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Proc Natl Acad Sci U S A. 2012 Apr 3;109(14):E851-9. doi: 10.1073/pnas.1105543109. Epub 2012 Jan 9.

Brain structure in healthy adults is related to serum transferrin and the H63D polymorphism in the HFE gene.

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Laboratory of NeuroImaging, Department of Neurology, University of California, Los Angeles, School of Medicine, Los Angeles, CA 90095, USA.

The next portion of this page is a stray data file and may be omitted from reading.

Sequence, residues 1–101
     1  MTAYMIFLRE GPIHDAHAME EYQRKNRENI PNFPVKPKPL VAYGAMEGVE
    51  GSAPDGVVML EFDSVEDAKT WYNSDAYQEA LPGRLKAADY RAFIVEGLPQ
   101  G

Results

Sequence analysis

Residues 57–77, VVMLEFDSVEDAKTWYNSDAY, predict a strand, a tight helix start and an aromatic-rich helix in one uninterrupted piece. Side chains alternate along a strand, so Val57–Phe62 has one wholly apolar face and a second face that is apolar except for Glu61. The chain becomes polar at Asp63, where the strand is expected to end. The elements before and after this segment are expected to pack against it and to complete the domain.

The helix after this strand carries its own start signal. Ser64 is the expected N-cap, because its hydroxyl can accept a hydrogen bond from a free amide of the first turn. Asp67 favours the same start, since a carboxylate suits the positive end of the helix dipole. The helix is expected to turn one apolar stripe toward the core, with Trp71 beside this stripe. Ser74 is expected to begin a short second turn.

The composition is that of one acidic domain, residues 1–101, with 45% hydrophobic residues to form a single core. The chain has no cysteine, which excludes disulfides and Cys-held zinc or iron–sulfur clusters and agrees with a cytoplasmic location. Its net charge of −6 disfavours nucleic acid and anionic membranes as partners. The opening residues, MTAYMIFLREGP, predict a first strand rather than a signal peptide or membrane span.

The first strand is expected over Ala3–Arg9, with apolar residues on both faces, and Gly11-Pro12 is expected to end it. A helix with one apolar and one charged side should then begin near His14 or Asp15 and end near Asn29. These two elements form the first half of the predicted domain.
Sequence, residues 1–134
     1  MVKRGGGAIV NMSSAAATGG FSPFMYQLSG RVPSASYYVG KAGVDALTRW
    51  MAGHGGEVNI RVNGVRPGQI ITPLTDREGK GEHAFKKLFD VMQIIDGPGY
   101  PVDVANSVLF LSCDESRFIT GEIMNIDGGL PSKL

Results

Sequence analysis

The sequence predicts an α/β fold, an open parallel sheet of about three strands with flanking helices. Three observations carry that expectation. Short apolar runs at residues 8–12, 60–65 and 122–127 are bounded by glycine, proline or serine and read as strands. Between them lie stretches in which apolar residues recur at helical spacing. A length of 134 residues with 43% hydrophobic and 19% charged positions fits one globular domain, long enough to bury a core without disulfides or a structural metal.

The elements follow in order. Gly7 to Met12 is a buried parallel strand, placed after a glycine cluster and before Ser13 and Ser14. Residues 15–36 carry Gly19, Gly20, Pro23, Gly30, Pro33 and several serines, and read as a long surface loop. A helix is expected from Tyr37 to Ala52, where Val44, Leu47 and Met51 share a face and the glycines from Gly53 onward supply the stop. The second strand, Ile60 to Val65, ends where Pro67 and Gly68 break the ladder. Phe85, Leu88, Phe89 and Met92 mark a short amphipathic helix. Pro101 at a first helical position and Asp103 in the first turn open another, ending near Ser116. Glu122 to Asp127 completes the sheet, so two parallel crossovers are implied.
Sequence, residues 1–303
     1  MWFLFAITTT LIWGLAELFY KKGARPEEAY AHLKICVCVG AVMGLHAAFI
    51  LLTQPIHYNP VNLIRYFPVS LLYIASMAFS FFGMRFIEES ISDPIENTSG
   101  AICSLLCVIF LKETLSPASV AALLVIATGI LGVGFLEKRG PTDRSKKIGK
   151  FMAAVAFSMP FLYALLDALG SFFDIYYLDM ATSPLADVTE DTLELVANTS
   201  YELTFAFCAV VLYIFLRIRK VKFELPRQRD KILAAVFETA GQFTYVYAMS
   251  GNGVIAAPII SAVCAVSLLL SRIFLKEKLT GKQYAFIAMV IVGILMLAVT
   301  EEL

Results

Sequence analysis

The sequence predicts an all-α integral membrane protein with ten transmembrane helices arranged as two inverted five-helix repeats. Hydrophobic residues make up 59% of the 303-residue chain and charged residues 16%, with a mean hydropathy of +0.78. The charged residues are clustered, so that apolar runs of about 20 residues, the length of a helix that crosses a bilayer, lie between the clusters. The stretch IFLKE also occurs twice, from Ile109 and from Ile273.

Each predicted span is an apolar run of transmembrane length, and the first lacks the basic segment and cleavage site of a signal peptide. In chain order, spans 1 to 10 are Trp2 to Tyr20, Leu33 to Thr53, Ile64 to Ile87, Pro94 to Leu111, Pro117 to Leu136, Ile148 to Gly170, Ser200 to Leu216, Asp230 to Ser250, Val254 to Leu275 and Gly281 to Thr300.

Control of iron homeostasis is essential for healthy central nervous system function: iron deficiency is associated with cognitive impairment, yet iron overload is thought to promote neurodegenerative diseases. Specific genetic markers have been previously identified that influence levels of transferrin, the protein that transports iron throughout the body, in the blood and brain. Here, we discovered that transferrin levels are related to detectable differences in the macro- and microstructure of the living brain. We collected brain MRI scans from 615 healthy young adult twins and siblings, of whom 574 were also scanned with diffusion tensor imaging at 4 Tesla. Fiber integrity was assessed by using the diffusion tensor imaging-based measure of fractional anisotropy. In bivariate genetic models based on monozygotic and dizygotic twins, we discovered that partially overlapping additive genetic factors influenced transferrin levels and brain microstructure. We also examined common variants in genes associated with transferrin levels, TF and HFE, and found that a commonly carried polymorphism (H63D at rs1799945) in the hemochromatotic HFE gene was associated with white matter fiber integrity. This gene has a well documented association with iron overload. Our statistical maps reveal previously unknown influences of the same gene on brain microstructure and transferrin levels. This discovery may shed light on the neural mechanisms by which iron affects cognition, neurodevelopment, and neurodegeneration.

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